Automated Transport and Sorting System in a Large Reference LaboratoryPart 2

Automated Transport and Sorting System in a Large Reference LaboratoryPart 2

Info iconThis preview shows pages 1–2. Sign up to view the full content.

View Full Document Right Arrow Icon
Automated Transport and Sorting System in a Large Reference Laboratory: Part 2. Implementation of the System and Performance Measures over Three Years Charles D. Hawker, 1,2* William L. Roberts, 1,2 Susan B. Garr, 1 Leslie T. Hamilton, 1 John R. Penrose, 1 Edward R. Ashwood, 1,2 and Ronald L. Weiss 1,2 Background: Our laboratory implemented a major au- tomation system in November 1998. A related report describes a 4-year process of evaluation and planning leading to system installation. This report describes the implementation and performance results over 3 years since the system was placed into use. Methods: Project management software was used to track the project. Turnaround times of our top 500 tests before and after automation were measured. We com- pared the rate of hiring of employees and the billed unit per employee ratio before and after automation by use of linear regression analysis. Finally, we analyzed the financial contribution of the project through an analysis of return on investment. Results: Since implementation, the volume of work transported and sorted has grown to > 15 000 new tubes and > 25 000 total tubes per day. Median turnaround time has decreased by an estimated 7 h, and turnaround time at the 95th percentile has decreased by 12 h. Lost specimens have decreased by 58%. A comparison of pre- and post-implementation hiring rates of employees es- timated a savings of 33.6 employees, whereas a similar comparison of ratios of billed units per employee esti- mated a savings of 49.1 employees. Using the higher figure, we estimated that the $4.02 million cost of the project would be paid off ; 4.9 years subsequent to placing the system into daily use. Conclusions: The overall automation project imple- mented in our laboratory has contributed considerably to improvement of key performance measures and has met our original project objectives. © 2002 American Association for Clinical Chemistry In a report appearing in this issue we described our experience in the evaluation and design of an automation system that would meet the needs of our high-volume, esoteric, reference laboratory (1) . This plan had several components. These included the formation of an auto- mated core laboratory performing higher volume tests on random access analyzers; introduction of a standardized transport tube; development of a new computer software system, Expert Specimen Processing (ESP), 3 for accession- ing of incoming orders; extensive facility renovations; reengineering of many processes to eliminate multiple handling steps and bottlenecks; and implementation of an automated transport and sorting system. This report describes the implementation of these dif- ferent elements of our automation initiative and espe- cially the automated transport and sorting system, which was placed into daily use in November 1998. We describe the impact of these elements on improvement of turn- around time (TAT), quality of service, and productivity as well as descriptive information about our experience in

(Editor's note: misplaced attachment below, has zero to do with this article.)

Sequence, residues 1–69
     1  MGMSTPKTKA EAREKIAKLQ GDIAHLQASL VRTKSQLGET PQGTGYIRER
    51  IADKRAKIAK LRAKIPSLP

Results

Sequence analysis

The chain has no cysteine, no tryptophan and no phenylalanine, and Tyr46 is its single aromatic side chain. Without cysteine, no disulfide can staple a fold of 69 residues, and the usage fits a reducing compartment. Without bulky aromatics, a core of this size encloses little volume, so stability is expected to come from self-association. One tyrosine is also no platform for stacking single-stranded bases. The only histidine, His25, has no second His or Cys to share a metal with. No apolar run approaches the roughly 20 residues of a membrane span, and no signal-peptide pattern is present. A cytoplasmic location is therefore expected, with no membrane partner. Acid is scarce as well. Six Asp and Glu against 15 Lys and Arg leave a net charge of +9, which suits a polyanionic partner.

Background image of page 1

Info iconThis preview has intentionally blurred sections. Sign up to view the full version.

View Full Document Right Arrow Icon
Image of page 2
This is the end of the preview. Sign up to access the rest of the document.

{[ snackBarMessage ]}

Page1 / 7

Automated Transport and Sorting System in a Large Reference LaboratoryPart 2

This preview shows document pages 1 - 2. Sign up to view the full document.

View Full Document Right Arrow Icon
Ask a homework question - tutors are online